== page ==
We’re coming to the final week of Lunar New Year celebrations for Year of the Ox. It’s not too late to make lucky foods like dumplings and tang yuan (both pictured above) !
In the Chinese Zodiac, you’re an Ox is you were born in 1961, 1973, 1985, 1997 or any 12 years before or after. Having an honest nature, oxen are known for diligence, dependability, strength and determination. Having great patience and a desire to make progress, oxen can achieve their goals by consistent effort. They are not much influenced by others or the environment, but persist in doing things according to their ideals and capabilities. Before taking any action, Oxen will have a definite plan with detailed steps, to which they apply their strong faith and physical strength. As a result, people of the Ox zodiac sign often enjoy great success. Oxen are weakest in their communication skills. They are not good at communicating with others, and even think it is not worthwhile to exchange ideas with others. They are stubborn and stick to their own ways.
Source: China Highlights
Lunar New Year is celebrated in many Asian countries. Food eaten at Chinese New Year is often chosen for symbolism or because they are homophones with words like luck, prosperity and fortune.
Dumplings, shaped like Chinese gold bars, represent prosperity.
Tang Yuan, glutinous rice balls, are usually consumed on the last day of the lunar new year; their round shape symbolizes the first full moon after the new year. Try my tang yuan recipe, with two variations.
Most often, Chinese dumplings are filled with a pork-based filling, but you can really fill them with anything. I have found many vegetarian fillings to be lackluster, so I decided to create one based upon the jiu cai hezhi (chive boxes) my mother made when I was growing up. (These were more the size of empanadas or hand pies, and pan fried on both sides. Her filling also included bean vermicelli/cellophane noodles and sometimes shiitake mushrooms, which you can add here if you like.) While this recipe calls for eggs, I have also provided two excellent vegan alternatives: egg replacer or firm tofu.
Chinese Chive and Egg Potstickers
Makes: 25-30 potskickers
½ lb Chinese chives
5 large eggs (or 1 cup of Just Egg egg replacer); you can also use 1 cup crumbled firm tofu (about 1/2 package)
½ tsp salt
30 potsticker wrappers (the round ones; about ½ pack)
Neutral oil for frying
Dipping sauce (recipe follows)
- Cut chives into ¼ “ lengths.
- Beat eggs and salt together. (If using tofu, crumble with a fork in a bowl, and season with salt.)
- Heat 1 T oil in a nonstick frying pan over medium high heat. When oil is hot, pour in eggs/Just Egg and swirl to coat bottom of pan. Scramble until firm, using spatula to break egg into small pieces. (If using crumbled tofu, stirfry until slightly browned.)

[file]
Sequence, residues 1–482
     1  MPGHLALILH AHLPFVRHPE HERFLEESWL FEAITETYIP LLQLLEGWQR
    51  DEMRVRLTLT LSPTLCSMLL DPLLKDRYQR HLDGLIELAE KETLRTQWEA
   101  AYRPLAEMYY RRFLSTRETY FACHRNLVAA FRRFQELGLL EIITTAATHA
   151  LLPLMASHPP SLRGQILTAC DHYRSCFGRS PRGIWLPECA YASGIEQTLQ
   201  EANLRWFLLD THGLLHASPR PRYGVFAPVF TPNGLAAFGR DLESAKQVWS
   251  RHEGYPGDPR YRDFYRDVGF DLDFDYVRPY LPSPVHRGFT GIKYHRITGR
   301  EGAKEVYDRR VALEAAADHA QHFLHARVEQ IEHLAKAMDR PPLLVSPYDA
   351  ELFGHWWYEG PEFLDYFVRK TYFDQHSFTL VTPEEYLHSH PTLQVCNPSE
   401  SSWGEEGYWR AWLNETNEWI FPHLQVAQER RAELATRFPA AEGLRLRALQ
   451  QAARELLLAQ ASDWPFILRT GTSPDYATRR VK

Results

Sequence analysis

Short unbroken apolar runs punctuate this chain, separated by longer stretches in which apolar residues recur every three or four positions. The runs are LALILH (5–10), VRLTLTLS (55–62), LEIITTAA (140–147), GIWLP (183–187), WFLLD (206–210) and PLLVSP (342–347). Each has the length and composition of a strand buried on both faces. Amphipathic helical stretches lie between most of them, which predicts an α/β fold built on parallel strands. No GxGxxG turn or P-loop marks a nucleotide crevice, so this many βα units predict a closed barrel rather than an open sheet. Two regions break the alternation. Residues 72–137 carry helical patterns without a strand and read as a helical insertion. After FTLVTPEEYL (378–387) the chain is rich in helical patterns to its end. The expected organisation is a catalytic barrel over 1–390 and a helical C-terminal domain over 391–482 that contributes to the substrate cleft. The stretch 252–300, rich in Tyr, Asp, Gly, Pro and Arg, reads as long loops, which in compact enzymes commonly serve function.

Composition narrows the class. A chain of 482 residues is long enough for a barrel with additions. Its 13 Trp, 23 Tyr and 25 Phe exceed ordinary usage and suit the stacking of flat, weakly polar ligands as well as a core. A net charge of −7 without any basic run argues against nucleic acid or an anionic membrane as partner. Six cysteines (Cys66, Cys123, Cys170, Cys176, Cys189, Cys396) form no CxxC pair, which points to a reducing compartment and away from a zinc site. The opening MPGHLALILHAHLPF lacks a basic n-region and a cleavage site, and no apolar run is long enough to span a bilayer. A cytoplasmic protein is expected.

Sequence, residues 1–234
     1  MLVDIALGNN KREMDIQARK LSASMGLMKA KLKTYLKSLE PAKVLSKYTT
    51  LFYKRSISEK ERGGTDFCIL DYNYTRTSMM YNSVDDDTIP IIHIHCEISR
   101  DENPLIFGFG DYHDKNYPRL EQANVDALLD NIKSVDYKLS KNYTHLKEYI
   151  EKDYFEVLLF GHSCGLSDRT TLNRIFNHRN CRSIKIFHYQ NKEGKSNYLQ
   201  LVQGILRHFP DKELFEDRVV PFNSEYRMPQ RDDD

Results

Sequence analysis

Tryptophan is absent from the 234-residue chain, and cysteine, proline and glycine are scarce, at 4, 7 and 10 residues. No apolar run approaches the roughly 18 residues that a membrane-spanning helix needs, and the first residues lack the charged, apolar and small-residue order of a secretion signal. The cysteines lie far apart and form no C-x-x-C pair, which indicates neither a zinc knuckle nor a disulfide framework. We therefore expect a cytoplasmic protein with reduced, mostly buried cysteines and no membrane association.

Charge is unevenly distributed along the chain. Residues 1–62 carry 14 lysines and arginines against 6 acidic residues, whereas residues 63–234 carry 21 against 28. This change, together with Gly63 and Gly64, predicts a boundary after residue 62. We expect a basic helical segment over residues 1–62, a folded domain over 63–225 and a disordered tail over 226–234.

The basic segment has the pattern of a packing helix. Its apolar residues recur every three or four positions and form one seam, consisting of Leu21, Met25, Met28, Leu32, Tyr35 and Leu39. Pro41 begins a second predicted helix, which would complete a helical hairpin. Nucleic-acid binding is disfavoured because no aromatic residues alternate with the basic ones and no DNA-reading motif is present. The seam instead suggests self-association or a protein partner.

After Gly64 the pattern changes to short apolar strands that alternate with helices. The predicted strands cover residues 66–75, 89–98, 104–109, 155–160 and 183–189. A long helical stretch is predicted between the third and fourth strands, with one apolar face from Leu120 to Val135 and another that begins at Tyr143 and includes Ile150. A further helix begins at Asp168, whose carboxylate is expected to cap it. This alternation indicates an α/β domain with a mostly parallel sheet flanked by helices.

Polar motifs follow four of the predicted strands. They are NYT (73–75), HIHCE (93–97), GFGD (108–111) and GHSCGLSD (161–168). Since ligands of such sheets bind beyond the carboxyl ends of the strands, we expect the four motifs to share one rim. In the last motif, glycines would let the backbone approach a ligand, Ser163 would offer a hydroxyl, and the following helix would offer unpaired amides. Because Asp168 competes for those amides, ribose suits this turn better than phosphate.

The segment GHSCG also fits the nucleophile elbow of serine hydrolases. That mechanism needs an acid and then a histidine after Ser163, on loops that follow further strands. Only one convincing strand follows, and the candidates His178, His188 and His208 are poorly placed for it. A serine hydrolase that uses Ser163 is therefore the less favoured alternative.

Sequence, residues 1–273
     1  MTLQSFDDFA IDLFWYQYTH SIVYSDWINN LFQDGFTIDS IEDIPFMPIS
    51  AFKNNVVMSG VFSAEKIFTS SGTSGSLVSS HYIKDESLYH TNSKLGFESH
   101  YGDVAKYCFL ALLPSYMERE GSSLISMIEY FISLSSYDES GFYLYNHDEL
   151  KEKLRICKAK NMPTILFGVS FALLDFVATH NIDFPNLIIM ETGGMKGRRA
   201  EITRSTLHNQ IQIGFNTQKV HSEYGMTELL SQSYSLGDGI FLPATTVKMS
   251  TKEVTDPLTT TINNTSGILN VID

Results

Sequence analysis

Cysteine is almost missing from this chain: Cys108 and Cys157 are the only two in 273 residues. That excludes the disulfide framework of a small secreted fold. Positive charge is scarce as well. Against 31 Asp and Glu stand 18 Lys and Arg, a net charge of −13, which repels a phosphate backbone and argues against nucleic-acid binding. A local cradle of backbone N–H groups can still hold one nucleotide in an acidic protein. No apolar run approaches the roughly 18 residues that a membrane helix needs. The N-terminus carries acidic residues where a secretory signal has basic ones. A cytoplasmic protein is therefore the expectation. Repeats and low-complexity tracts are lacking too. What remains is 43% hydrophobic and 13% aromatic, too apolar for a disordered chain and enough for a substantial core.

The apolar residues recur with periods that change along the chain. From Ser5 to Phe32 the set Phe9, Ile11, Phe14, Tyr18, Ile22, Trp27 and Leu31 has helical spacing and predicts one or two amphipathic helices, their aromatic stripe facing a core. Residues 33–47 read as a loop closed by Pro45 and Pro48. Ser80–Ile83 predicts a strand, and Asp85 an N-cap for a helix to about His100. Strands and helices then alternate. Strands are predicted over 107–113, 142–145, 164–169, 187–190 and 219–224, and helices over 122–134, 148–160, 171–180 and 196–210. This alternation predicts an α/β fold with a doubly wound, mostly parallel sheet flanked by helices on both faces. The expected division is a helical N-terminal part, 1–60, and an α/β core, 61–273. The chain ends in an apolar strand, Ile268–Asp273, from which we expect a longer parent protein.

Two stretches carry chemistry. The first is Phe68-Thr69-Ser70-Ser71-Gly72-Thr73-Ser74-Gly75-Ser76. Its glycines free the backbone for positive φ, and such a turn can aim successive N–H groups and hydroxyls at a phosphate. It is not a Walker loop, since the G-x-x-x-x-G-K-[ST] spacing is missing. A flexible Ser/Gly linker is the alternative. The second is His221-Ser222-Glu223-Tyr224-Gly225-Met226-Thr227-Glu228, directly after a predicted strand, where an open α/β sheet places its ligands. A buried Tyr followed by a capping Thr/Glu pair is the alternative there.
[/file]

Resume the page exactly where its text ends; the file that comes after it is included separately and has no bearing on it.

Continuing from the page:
- When eggs/Just Egg/tofu crumbles are completely cooked, add chopped chives, and combine thoroughly for about a minute, until chives are slightly softened. Remove from heat and allow to cool before filling dumplings.
- To make dumplings, get a small bowl of water ready. To make each dumpling, place a wrapper into the palm of your hand, then dip a finger of your other hand into the water, then trace a line around the outer edge of the wrapper. Then put a teaspoon of prepared filling in the center, and seal and pleat the dumpling, making sure to make a flat base for frying. (There are many ways to do this, but the key is to keep the center flat in your palm and to pleat one side, and press it against the other, unpleated side to seal the dumpling. This will automatically create a curved shape and a flat base.) Repeat until all filling is used up.
- To fry potstickers:
-Heat a tablespoon of canola or other vegetable oil into the bottom of a frying pan over medium high heat and place dumplings (standing up) into the pan, leaving a little room around each dumpling. Cook for 30 seconds until the bottom begins to get a little crisp and light brown.
-Add 1/4 cup of cold water, or enough to reach about 1/3 the height of the dumplings, then turn heat to low and cover pan. Covering is important because the steam is what will cook the dumplings.
– Cook on low heat for about 2-3 minutes, until water is almost evaporated. Check to see if the wrappers are cooked (soft and translucent) and if the bottoms are brown and release easily. If not, then add another 1/4 cup of cold water and repeat the process. Dumplings are done when the water has evaporated and the bottoms have a nice golden, sticky crust (potstickers!)
7. Serve immediately with dipping sauce.
Dumpling Dipping Sauce
3 Tbsp low sodium soy sauce
1 ½ Tbsp Chinese black vinegar or rice vinegar
½ Tbsp sesame oil or chili oil
1 Tbsp finely minced scallions
1 Tbsp minced fresh ginger
Stir together all ingredients.
Wishing you luck, fortune, prosperity and all the good things in the new year!
I’m feeling very lucky (and grateful) already, as my cookbook publication date is just weeks away! I hope you’ll purchase a copy of Spicebox Kitchen, and YOU are invited to my free pub day virtual launch event at Book Larder on 3/16 at 5PM PST. Register here! Thank you for your support!
To your health!